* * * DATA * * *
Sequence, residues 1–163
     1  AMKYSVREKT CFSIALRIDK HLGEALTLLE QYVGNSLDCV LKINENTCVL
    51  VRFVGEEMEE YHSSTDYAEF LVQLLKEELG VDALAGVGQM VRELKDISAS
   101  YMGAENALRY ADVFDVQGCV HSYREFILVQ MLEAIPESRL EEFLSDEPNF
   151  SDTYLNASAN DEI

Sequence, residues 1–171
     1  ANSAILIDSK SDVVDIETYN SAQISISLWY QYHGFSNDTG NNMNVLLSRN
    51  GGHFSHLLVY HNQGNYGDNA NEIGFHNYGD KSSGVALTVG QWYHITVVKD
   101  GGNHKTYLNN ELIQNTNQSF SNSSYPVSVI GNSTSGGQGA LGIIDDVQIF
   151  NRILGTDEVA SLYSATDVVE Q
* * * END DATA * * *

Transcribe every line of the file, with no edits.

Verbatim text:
Sequence, residues 1–163
     1  AMKYSVREKT CFSIALRIDK HLGEALTLLE QYVGNSLDCV LKINENTCVL
    51  VRFVGEEMEE YHSSTDYAEF LVQLLKEELG VDALAGVGQM VRELKDISAS
   101  YMGAENALRY ADVFDVQGCV HSYREFILVQ MLEAIPESRL EEFLSDEPNF
   151  SDTYLNASAN DEI

Sequence, residues 1–171
     1  ANSAILIDSK SDVVDIETYN SAQISISLWY QYHGFSNDTG NNMNVLLSRN
    51  GGHFSHLLVY HNQGNYGDNA NEIGFHNYGD KSSGVALTVG QWYHITVVKD
   101  GGNHKTYLNN ELIQNTNQSF SNSSYPVSVI GNSTSGGQGA LGIIDDVQIF
   151  NRILGTDEVA SLYSATDVVE Q